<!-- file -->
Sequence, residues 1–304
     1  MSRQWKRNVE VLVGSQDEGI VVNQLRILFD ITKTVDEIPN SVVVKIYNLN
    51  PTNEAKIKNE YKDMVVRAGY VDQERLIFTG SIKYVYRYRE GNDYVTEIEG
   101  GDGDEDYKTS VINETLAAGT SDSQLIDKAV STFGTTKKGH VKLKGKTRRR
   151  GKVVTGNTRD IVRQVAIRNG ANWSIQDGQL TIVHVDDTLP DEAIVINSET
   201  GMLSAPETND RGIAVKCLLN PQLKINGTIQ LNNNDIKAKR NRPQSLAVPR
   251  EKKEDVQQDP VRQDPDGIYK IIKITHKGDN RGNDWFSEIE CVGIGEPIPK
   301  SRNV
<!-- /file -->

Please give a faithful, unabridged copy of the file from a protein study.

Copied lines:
Sequence, residues 1–304
     1  MSRQWKRNVE VLVGSQDEGI VVNQLRILFD ITKTVDEIPN SVVVKIYNLN
    51  PTNEAKIKNE YKDMVVRAGY VDQERLIFTG SIKYVYRYRE GNDYVTEIEG
   101  GDGDEDYKTS VINETLAAGT SDSQLIDKAV STFGTTKKGH VKLKGKTRRR
   151  GKVVTGNTRD IVRQVAIRNG ANWSIQDGQL TIVHVDDTLP DEAIVINSET
   201  GMLSAPETND RGIAVKCLLN PQLKINGTIQ LNNNDIKAKR NRPQSLAVPR
   251  EKKEDVQQDP VRQDPDGIYK IIKITHKGDN RGNDWFSEIE CVGIGEPIPK
   301  SRNV